[This is from Carol Overland, an expert. Delmarva Power electric bills are being used as an infinite cookie jar by the electricity industry and Delaware politicians. The Bloom Energy scheme, and the huge cost/no benefit transmission line described below are only examples. What makes this possible? A feeble and ineffectual Public Service Commission and “Public Advocate,” a governor and General Assembly seemingly indifferent to the public interest, and an incomprehensibly complex and diabolically clever electricity industry.
Yesterday, PJM (the regional electricity “system operator”) “approved” a transmission line from Artificial Island across the Delaware Bay, Delaware River, to link into the newer north/south transmission line built a few years ago (see map above). Perhaps the only good news is that the line is to be under the river, rather than overhead like the existing crossing.
And, they plan to do this project almost entirely on Delmarva ratepayers’ dime. WHAT? So is the state going to join Illinois and sue FERC (Federal Energy Regulatory Commission) and PJM about their cost apportionment scheme?
Will Delaware, like Illinois, sue FERC and PJM?
Sure hope so — they’ve got it coming. Cost apportionment is a big issue, and for PJM, well, they’d taken their cost apportionment dream to FERC, got the FERC rubber stamp, but it seems they’ve not done a good job of it, according to the Federal Court — that’s old news:
Illinois Commerce Commission v. FERC August 6, 2009
Fast forward to today — turns out Delaware’s Gov. Markell is objecting to costs assessed to Delaware ratepayers, (though I’m not seeing any objection to the project itself coming out of Delaware). DOH! He’d better, this project does nothing for Delaware.
Here’s the PJM Planning doc that tells all:
PJM White Paper Artificial Island Project
Note on the first page the statement of need, of why this project is wanted — this is really important:
PJM specified that solution proposals must improve stability margins, reduce Artificial Island MVAR output requirements and address high voltage reliability issues.
So let me get this straight — they’re having stability and reliability issues and PSEG wants to reduce Artificial Island MVAR output requirements? PUH-LEEZE… This is a benefit to PSEG, not Delmarva…
And look what our big-coal friends at ODEC have to say:
ODEC letter regarding Artificial Island 7-29-2015
This project taps into the new line that was built not long ago:
Delaware has no regulation of transmission need or siting — so utilities can pretty much do whatever they want. Further, it’s a FERC tariff, so the state doesn’t have anything to say about it going into the rates, and cost apportionment. Great, just great. So now Markell is objecting? It’s a little late…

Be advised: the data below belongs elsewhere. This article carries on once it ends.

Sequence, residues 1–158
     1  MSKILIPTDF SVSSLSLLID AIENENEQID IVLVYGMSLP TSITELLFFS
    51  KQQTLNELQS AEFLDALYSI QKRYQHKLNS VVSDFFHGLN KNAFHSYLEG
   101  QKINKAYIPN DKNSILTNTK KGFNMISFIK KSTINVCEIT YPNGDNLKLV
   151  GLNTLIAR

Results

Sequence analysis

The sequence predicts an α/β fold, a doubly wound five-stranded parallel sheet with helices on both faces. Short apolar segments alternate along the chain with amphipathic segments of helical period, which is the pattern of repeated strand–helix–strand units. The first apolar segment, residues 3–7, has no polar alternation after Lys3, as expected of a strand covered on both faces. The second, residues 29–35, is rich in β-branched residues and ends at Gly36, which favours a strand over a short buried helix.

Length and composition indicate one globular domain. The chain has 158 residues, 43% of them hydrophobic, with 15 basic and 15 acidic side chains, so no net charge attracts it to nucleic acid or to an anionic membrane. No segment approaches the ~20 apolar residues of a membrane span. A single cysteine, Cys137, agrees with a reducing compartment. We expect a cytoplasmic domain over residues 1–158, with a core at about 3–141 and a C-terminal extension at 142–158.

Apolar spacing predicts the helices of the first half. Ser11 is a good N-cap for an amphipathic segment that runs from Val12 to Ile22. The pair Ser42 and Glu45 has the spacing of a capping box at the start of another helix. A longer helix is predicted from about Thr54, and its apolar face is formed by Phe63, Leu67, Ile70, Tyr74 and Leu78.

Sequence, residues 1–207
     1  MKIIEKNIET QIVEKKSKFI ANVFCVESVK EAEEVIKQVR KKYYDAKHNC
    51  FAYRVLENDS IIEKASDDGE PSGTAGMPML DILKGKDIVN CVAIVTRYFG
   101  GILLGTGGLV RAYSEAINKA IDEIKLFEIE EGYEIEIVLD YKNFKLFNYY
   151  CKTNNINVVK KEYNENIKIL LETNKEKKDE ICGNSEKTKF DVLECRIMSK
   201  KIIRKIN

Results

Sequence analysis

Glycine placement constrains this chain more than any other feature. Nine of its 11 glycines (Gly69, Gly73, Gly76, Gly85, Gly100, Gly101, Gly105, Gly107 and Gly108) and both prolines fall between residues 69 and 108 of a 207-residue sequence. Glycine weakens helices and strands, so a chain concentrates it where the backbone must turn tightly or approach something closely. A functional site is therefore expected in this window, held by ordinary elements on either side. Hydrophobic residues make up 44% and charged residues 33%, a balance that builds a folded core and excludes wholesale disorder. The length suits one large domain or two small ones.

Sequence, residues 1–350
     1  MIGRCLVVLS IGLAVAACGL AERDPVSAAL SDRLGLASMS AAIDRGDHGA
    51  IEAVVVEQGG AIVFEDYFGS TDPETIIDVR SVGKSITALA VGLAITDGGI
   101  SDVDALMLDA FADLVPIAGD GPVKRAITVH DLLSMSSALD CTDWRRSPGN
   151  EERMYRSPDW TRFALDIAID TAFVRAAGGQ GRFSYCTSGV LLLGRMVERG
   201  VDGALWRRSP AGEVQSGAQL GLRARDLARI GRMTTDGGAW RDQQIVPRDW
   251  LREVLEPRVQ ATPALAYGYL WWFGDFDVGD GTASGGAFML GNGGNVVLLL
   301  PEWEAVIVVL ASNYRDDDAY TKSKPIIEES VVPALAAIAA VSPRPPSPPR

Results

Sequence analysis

Here’s the report about this PJM approval from Jeff Montgomery, News Journal:
Disputed cost-shares remain in plan for new power line
Delaware needs legislation — legislation like a “Power Plant Siting Act” and a legislative requirement of a need determination for whatever infrastructure they think they want. They need legislation specifying that only Delaware utilities can own and operate transmission in Delaware (see House Bill 387 from the 2014 session). Here’s what House Bill 387 would have done (It would have been an effective good start, protective of Delaware!), establish that a utility wanting to construct and operate transmission demonstrate NEED! Here’s the wording, though it would require quite a bit more, and some solid rules, to be effective:
(5)Public utility electric transmission service providers must have a certificate of public convenience and necessity for the construction and operation of any new electric transmission lines operating at 100KV or greater and located in the State or offshore waters and integrated with the State electric transmission grid.In granting such certificate, the Commission shall consider:
a.the need for the proposed transmission line;
b.the impact on the reliability of the transmission grid
c.the long term viability of the public utility proposing the line;
d.the technical engineering and operating expertise of the public utility;
e.the technology and design proposed for the new transmission line; and
f.the economic and safety impact of the proposed transmission line.
Here’s the schedule going forward from the PJM Board meeting yesterday:
Seems there’s an opportunity before the FERC ALJ. But before then? What is Delaware going to do? Well, take a look at what Illinois did when it didn’t appreciate the FERC Cost Apportionment scheme — they sued FERC and won, based on the notion that if they weren’t benefitting, they shouldn’t be the ones paying:
Illinois Commerce Commission v. FERC August 6, 2009
The FERC Cost Apportionment scheme was remanded, and it’s in settlement negotiations right now. What is Delaware doing in that docket? To review the public postings, go HERE and search for FERC Docket EL05-121. The next settlement conference is Thursday, August 6, 2015, starting at 10:15 a.m. in a hearing room at FERC HQ. Delaware is represented in this, at least there are Delaware PSC staff listed on the service list, Janis Dillard, John Farber, and Robert Howatt. So what are they doing about this cost apportionment scheme? Seems this settlement conference is just the place for raising a stink about the PJM cost apportionment scheme, to raise issues of “benefits” and “cause cost, pay” arguments. Are they showing up and speaking up for Delaware?
... posted by Carol A. Overland, Transmission Department, Green Delaware